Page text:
On January 15, 1929, a baby boy was born in an upstairs bedroom in a lovely, loving home in a prosperous working-class neighborhood in Atlanta, Georgia. The second child, Martin Luther Jr. was the first son of Alberta and Martin Luther “Daddy” King. M.L. lived here with his parents, sister, younger brother, and maternal grandparents. The house at 501 Auburn Ave. has been restored and touring the home gives a haunting sense of a young, playful, smart, mischievous boy that teased his sister, avoided his chores, and conspired with his brother. The volunteer tour guide shares anecdotes and stories from King’s childhood as she leads us from the parlor, where an 8-year-old M.L. was forced to endure piano lessons and hatched a diabolical plan to be rid of the torture; to the kitchen, where a family dined together every evening, but only after Daddy King arrived home from work; to the upstairs window where a 5-year-old black child stood every afternoon and waved to his white playmate across the street, this daily greeting the only interaction allowed once the boys started their segregated schools.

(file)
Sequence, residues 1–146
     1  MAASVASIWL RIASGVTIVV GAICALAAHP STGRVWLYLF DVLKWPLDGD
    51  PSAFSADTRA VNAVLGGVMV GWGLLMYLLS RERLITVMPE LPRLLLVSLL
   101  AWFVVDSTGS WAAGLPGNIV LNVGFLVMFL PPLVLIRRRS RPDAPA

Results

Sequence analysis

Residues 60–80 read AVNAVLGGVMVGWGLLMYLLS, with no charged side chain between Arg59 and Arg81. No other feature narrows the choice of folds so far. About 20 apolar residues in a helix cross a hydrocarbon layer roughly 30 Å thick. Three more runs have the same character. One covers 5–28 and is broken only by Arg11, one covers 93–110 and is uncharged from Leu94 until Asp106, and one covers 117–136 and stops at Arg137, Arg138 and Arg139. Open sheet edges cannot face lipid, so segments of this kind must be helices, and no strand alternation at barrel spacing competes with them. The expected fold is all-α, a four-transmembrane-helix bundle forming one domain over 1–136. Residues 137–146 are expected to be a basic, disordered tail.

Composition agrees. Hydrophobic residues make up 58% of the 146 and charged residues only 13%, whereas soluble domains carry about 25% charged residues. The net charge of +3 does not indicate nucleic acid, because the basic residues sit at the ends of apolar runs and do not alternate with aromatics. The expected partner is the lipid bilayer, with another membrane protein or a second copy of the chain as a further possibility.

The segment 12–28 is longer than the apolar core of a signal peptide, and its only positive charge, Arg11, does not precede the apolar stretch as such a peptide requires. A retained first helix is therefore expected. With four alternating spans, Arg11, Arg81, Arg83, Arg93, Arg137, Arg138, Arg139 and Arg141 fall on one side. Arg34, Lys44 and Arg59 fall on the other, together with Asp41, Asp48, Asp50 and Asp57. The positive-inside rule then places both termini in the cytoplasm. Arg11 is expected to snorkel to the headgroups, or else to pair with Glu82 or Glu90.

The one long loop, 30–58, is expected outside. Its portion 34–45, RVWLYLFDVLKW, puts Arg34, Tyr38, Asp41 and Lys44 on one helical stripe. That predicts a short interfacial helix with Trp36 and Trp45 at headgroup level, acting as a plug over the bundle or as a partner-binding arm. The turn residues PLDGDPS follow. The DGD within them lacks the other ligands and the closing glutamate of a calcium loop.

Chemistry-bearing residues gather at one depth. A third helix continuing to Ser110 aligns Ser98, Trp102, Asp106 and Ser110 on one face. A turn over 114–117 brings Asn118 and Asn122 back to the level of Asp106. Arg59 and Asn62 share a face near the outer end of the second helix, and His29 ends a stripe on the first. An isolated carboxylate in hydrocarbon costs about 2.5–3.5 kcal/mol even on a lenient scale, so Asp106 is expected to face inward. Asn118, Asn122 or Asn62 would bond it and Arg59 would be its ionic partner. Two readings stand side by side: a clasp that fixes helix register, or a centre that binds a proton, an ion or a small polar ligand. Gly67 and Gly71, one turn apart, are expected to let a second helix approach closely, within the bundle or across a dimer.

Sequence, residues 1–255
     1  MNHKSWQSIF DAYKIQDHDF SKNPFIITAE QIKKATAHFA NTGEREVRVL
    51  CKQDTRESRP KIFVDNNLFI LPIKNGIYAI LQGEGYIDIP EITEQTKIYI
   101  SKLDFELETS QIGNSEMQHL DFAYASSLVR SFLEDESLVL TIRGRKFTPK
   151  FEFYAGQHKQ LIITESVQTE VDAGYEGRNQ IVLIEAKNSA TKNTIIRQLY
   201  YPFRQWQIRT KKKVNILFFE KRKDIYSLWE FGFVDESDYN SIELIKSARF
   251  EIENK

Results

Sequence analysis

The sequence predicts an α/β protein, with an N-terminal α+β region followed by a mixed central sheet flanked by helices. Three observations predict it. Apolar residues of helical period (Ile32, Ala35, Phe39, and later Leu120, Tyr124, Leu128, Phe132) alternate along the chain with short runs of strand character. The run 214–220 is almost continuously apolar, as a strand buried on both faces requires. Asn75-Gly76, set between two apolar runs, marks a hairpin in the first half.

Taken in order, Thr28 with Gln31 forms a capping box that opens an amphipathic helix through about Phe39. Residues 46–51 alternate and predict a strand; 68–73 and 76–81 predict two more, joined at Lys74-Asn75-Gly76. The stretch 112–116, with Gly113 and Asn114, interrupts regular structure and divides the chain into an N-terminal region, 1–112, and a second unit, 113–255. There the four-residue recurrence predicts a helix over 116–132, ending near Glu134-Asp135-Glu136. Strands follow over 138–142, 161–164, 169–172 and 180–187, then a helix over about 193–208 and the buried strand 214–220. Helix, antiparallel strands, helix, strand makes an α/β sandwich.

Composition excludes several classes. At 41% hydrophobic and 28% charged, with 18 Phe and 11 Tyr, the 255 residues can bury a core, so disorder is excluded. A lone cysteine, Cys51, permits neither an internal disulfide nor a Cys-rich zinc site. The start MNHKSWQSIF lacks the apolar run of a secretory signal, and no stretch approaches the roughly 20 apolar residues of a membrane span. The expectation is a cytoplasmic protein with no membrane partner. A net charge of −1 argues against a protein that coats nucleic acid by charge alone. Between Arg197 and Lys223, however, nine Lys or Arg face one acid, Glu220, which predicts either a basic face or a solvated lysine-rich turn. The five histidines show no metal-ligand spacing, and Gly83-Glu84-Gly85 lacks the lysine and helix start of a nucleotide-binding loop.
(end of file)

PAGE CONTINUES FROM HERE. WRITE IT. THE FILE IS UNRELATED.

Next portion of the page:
A short walk down Auburn Ave, on the corner of Auburn and Boulevard, stands Fire Station No. 6. During Martin Luther King Jr.’s childhood in the 1930s, the fire station was a meeting ground for neighborhood children to play street ball and other games. The white firemen would allow the children to polish the bright red 1927 LaFrance fire engine. Young M.L. and other children would listen, enchanted by tales of adventure and excitement, as the fire alarm sounded and the storytelling, brave firefighters quickly dressed and rushed away to save people and structures from fiery flames. M.L. knew he could not dream about becoming an heroic firefighter; M.L. knew his future was limited by segregation and race inequality. Today, Fire Station No. 6 is a museum. I watch the movie that explains how growing up in the Sweet Auburn neighborhood influenced Martin Luther King Jr. and his life-long commitment to Civil Rights. The rest of the museum is dedicated to the history of the fire station.